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Article: The first diplodocid from Asia and its implications for the evolutionary history of sauropod dinosaurs

Publication: Palaeontology
Volume: 52
Part: 6
Publication Date: November 2009
Page(s): 1195 1207
Author(s): Paul Upchurch and Philip D. Mannion
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How to Cite

UPCHURCH, P., MANNION, P. D. 2009. The first diplodocid from Asia and its implications for the evolutionary history of sauropod dinosaurs. Palaeontology52, 6, 1195–1207.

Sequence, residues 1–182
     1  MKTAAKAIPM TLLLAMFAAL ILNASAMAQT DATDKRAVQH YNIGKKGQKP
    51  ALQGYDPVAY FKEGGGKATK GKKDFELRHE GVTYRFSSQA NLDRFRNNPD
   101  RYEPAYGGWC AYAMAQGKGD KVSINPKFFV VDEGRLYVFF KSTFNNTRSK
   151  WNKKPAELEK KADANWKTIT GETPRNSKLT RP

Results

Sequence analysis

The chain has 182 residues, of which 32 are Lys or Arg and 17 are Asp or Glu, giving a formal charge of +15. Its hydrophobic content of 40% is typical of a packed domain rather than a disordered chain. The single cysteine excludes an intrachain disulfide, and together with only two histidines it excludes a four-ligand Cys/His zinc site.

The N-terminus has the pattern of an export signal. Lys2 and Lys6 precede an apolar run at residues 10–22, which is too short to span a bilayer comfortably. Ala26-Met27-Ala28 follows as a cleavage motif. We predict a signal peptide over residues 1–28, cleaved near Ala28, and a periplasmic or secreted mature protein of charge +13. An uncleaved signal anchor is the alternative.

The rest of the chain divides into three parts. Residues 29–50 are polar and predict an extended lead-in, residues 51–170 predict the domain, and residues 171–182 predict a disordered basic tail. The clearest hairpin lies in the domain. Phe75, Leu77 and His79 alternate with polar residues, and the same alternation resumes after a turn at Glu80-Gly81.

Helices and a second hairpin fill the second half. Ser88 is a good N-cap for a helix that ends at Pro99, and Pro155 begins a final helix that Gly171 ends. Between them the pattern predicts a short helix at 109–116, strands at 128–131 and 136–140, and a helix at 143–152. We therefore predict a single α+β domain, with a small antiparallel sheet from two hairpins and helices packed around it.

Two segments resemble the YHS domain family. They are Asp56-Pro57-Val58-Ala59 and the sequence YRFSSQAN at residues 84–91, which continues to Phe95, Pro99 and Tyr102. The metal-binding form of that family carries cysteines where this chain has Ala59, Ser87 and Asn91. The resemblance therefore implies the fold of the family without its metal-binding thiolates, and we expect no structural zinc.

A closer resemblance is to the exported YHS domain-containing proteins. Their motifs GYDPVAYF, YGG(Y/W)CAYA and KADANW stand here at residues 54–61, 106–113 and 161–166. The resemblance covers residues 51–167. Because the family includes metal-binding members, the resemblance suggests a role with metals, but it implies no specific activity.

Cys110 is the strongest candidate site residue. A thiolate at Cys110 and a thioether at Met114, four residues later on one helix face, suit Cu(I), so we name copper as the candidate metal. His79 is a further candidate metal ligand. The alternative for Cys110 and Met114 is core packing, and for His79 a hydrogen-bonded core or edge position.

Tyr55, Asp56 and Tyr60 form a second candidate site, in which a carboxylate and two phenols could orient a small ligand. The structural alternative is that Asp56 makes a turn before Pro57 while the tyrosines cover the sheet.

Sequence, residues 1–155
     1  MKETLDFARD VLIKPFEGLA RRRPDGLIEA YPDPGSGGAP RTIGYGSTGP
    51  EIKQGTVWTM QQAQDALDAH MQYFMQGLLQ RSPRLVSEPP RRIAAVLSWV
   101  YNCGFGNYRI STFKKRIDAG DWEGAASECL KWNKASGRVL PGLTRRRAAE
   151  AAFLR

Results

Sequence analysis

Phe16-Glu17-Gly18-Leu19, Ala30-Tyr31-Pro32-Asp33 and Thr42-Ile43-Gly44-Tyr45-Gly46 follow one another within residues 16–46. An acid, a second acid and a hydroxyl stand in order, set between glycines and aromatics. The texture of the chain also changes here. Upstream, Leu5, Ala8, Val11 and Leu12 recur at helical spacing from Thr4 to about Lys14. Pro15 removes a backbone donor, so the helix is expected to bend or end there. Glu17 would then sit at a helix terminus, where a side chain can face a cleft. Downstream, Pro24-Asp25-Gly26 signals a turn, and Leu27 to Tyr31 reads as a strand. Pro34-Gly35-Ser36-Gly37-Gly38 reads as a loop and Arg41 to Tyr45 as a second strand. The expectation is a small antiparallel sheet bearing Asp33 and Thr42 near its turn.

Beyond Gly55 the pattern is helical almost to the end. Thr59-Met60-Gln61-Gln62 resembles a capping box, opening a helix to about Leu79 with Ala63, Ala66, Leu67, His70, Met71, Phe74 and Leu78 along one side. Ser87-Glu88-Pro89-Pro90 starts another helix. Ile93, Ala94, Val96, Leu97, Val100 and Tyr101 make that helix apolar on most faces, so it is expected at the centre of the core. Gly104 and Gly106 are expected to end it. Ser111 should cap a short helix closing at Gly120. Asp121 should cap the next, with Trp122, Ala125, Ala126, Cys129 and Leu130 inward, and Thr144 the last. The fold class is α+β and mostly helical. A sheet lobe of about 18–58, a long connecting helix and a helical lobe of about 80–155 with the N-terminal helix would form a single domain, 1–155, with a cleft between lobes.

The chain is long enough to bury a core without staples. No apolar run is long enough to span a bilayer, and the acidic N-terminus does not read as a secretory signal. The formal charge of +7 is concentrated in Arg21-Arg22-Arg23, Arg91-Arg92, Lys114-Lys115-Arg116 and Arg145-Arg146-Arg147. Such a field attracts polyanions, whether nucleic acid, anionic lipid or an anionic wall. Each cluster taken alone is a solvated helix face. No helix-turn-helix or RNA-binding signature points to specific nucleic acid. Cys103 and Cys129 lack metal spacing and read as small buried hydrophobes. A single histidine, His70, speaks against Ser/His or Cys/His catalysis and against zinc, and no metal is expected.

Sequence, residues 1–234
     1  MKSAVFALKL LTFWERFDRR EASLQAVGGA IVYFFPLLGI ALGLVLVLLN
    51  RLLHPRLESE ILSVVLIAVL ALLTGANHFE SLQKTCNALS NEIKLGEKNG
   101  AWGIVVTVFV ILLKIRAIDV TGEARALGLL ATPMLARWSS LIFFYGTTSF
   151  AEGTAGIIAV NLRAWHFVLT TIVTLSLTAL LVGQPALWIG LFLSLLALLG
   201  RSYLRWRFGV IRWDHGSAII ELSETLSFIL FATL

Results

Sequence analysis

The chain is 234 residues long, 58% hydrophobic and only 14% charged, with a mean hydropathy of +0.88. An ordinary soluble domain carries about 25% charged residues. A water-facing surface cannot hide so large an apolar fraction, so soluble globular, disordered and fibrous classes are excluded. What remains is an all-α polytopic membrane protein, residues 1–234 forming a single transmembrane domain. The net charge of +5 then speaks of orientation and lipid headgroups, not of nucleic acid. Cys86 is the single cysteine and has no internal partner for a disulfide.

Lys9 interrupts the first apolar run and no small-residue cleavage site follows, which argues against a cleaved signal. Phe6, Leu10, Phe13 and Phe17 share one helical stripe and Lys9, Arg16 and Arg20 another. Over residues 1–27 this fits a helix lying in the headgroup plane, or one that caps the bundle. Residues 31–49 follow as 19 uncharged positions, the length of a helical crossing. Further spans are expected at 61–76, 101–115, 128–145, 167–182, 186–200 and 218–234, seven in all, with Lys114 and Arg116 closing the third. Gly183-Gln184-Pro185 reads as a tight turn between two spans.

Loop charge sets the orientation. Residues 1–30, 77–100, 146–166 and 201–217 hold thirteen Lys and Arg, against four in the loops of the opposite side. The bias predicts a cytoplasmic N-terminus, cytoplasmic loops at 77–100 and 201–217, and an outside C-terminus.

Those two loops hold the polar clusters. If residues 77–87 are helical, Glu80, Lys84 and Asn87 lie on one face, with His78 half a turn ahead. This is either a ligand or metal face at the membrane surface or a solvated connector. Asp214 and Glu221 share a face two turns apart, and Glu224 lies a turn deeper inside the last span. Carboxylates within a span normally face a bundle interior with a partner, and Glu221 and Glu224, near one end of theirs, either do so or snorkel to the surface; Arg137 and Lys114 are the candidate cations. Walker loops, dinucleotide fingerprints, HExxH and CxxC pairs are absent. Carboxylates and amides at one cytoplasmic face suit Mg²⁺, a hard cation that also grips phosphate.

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An isolated anterior caudal vertebra from the Qingshan (= Ch'ing shan) Formation (Early Cretaceous) of Shandong Province, China, is redescribed and shown to be an advanced diplodocid sauropod. This specimen possesses several derived character states that are typically observed in advanced diplodocoids or diplodocids, including the following: a mildly procoelous centrum; a deep pit-like pneumatic fossa immediately below the caudal rib; wing- or fan-shaped caudal ribs; and complex lamination of the neural spine. The neural spine is apomorphically short and the centrum is short relative to its height compared to those of other diplodocids, which, when coupled with the specimen’s unique geographical location and stratigraphical age, suggests that it probably represents a new taxon. This caudal vertebra provides the first convincing evidence that diplodocids were present in Asia, perhaps as a result of the dispersal of neosauropod lineages from Europe and/or North America during the Early Cretaceous. The discovery of a member of the Diplodocidae in the Early Cretaceous also indicates that this clade did not become extinct at the Jurassic/Cretaceous boundary as previously supposed.
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